1. Scale and Function

The latest American Institute of Architects’ Design Trends Survey notes that households have a “growing interest in going smaller due to an effort to contain energy costs, and a significant higher number of architects report demand for smaller homes.” Scale and function are the solution here, not sheer square footage.

2. ”Private” Space

Boomers, empty nesters, and Gen Y cohorts express a desire for less maintenance and more privatized outdoor space, breaking away from the traditional “public” backyard. This design trend can be achieved by creating spaces that are private from the neighboring house by either positioning architecture around the outdoor space or by allowing the outdoor space to pierce architecture, affording more interior living spaces to be exposed to the outdoor area.

3. Indoor/Outdoor Connectivity

Bring the outdoors into the home experience. These thresholds to the outdoors offer more light and exciting access to “private” outdoor space. The result makes the interior feel like it extends beyond walls.

4. Covered Outdoor Rooms

Outdoor rooms expand the utility of the adjoining interior rooms and become outdoor retreats, still covered and protected but open to the outdoors.

5. Personal Touches

Whether it is a resale or a new home, the consumer is looking for and purchasing feature elements—such as kitchen products, bath fixtures, and custom flooring—that reflect their lifestyle and aesthetic preferences. Now take this trend to the architecture/structure of the house. Each consumer will “live” the interior space of a home differently.

6. Super Kitchens

The kitchen is viewed as the “hub” of the house. While providing the main function of a place for food preparation, the kitchen also serves as an entertainment/conversation area. Kitchens are now open to other rooms, visible and exposed. An island offers additional seating capacity along with prep space, and pantries need to be able to store more packaged foods, which often are purchased in bulk at stores like Costco. As the hub, it becomes a consumer’s dream to design these elements together with function, practicality, and flair.

7. Spalike Master Baths

The bathtub is not dead—rather, it has become an afterthought in most designs. However, trends reveal that women tend to take more baths than men as they’re more apt to dedicate the time. It is an experience and offers an opportunity for relaxation, so why not design the setting to enhance the experience?

8. Larger Media Areas

Many households these days possess at least one large flat-screen TV. The new, larger sizes of these televisions create a design need for more wall space and more seating capability.

9. More Garage Space

Garages are more than “housing” for vehicles. In fact, the garage is one of the only places within a “programmed” house that will offer the consumer what we call idea space. Creating a larger garage to accommodate more functions becomes a value to the consumer.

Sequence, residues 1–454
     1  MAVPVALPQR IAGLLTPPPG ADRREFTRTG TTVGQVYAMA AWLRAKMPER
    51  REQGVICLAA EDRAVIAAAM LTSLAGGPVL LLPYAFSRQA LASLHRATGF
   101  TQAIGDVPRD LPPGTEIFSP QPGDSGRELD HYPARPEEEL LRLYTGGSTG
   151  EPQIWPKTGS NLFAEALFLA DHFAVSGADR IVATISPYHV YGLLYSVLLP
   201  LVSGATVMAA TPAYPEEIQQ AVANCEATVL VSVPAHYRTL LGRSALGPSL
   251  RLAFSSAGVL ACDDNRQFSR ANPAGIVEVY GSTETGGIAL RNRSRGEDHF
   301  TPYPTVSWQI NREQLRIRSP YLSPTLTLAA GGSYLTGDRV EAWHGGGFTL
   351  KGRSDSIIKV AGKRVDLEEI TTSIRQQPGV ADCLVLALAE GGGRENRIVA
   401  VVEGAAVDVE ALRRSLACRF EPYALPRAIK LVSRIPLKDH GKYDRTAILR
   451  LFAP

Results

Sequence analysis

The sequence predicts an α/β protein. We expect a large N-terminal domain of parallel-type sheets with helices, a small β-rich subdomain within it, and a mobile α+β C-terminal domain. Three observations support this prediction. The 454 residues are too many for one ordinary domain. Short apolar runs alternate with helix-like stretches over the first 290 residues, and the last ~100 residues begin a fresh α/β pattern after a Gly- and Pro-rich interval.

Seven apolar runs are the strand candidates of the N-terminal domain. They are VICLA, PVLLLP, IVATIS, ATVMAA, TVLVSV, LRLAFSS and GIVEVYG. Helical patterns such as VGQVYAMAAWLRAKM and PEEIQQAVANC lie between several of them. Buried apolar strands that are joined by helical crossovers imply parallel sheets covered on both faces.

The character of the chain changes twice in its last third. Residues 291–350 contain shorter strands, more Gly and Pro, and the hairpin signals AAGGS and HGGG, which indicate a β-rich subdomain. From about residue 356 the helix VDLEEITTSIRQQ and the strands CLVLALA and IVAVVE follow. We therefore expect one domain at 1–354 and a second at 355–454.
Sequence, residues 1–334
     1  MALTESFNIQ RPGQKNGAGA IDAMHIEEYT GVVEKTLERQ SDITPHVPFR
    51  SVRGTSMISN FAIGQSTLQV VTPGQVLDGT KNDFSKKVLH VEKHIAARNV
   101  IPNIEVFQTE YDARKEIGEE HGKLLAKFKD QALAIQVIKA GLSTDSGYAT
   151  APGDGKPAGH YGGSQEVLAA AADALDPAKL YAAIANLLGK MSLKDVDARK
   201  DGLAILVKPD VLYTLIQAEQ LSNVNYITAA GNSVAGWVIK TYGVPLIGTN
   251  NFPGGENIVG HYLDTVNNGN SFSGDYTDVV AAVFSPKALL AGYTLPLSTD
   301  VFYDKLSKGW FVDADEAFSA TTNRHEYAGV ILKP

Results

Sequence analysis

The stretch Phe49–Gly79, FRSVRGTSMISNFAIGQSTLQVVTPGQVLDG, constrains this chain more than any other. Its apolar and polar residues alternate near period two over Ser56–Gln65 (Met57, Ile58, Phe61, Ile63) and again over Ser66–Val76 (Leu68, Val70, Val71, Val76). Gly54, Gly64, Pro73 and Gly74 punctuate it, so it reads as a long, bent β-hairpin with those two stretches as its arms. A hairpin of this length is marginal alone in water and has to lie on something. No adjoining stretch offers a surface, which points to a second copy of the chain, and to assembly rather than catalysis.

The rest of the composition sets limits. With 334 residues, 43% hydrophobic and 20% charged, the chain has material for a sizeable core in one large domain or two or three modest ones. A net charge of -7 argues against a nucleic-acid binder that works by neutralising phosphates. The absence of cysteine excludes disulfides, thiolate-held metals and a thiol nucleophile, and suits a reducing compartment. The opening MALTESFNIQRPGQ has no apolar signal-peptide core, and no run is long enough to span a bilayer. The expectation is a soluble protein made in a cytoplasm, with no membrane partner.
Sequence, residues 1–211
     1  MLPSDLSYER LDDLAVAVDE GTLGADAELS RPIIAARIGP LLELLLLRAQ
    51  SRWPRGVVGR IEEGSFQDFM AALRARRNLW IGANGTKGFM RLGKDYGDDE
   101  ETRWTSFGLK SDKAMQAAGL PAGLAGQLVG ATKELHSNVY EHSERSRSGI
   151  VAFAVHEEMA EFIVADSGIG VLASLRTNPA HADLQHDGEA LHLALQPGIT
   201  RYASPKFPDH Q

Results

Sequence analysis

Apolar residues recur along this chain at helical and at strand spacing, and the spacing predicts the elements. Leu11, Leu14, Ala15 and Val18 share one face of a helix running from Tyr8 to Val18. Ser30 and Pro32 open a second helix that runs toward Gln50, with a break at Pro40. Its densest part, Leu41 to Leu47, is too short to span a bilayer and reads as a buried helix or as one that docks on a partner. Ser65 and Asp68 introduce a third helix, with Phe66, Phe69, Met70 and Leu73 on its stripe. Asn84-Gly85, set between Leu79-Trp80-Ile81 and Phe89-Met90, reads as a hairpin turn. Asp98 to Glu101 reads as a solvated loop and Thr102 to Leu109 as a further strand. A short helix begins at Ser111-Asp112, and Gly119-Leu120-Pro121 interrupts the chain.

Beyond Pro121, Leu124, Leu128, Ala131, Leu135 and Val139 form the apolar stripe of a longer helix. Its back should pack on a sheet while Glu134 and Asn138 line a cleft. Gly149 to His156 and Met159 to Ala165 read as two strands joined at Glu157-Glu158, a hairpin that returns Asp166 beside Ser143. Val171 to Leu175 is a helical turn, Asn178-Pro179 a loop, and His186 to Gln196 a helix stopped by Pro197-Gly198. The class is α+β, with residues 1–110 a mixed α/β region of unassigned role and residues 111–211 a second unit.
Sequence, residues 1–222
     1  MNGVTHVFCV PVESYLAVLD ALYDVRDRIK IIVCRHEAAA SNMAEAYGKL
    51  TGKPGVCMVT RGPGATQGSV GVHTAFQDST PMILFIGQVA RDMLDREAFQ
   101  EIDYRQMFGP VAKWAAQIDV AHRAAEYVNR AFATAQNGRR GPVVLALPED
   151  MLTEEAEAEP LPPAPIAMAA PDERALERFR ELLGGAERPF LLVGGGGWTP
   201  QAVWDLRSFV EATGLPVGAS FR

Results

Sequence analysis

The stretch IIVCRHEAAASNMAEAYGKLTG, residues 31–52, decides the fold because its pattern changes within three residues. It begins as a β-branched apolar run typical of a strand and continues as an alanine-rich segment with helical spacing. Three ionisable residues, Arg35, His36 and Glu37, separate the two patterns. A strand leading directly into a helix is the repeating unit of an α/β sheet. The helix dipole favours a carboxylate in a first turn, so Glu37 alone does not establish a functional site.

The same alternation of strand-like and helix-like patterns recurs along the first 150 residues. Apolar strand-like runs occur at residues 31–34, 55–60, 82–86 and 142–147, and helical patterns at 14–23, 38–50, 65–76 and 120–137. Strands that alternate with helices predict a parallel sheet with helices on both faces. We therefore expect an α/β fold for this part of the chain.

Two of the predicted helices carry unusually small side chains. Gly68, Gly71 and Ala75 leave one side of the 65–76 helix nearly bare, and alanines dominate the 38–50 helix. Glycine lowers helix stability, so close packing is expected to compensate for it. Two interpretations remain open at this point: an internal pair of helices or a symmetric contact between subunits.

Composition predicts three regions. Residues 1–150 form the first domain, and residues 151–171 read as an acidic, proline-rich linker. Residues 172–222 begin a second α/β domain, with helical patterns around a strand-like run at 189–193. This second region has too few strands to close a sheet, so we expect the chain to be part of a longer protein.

10. Smarter Storage

Always an important factor, storage rarely gets designed into a home, leaving the consumer to create their own space. Smarter, well-designed storage is especially useful within smaller spaces.

11. Office Space

The office/den is trending to a higher need and the “want” issue dictates the best location within the home. Who uses it and where it is located becomes critical to the consumer and how they value the space. As a “utilized” office space, the front of the home off the entry is not considered an intelligent and practical location. The better location is closer to the “living” area of the house—the kitchen hub and family room.

12. Entry and Exits

Buyers are looking for entry drama and home announcement when greeting guests. As such, the entry and exits become important for impact. Over the past 10 to 15 years, we have stacked living over the entries. To be able to create some level of volume increases demand.

13. Dual-Use Homes

Multigenerational living has become part of the “next” culture. Families are staying together longer and the coupling of families becomes economic as well as cultural.

14. Technological Advances

Technology products create a need for a new lifestyle that revolves around the constant use handheld electronic devices. We will be designing small “server” rooms as smart technology continues to enter the home.

————————————————————–

Jon Mahoney

Director, Luxury Homes Division

Professional Financial Planner

Keller Williams, Santa Barbara

(805) 689-0532

BRE# 01269717

info@JonMahoney.com

Santa Barbara Comprehensive Real Estate Statistics – August 2014

Market Stats Cover

Santa Barbara Comprehensive Real Estate Market Statistics – August 2014

51 page PDF Report | 2.8 mb

DOWNLOAD:

August 2014 – Santa Barbara Comprehensive Real Estate Market Statistics.pdf

————————————————————–

Jon Mahoney

Director, Luxury Homes Division

Professional Financial Planner

Keller Williams, Santa Barbara

(805) 689-0532

BRE# 01269717

info@JonMahoney.com

America’s 132 Million Homes: How Old Are They Now?

American Homes

The median age of a home built in the United States is 40.

 

In 1974, when those houses were built, interest rates on 30-year fixed mortgages averaged 9.1 percent; the median existing home price was $32,000.

See a breakdown in this infographic.

————————————————————–

Jon Mahoney

Director, Luxury Homes Division

Professional Financial Planner

Keller Williams, Santa Barbara

(805) 689-0532

BRE# 01269717

info@JonMahoney.com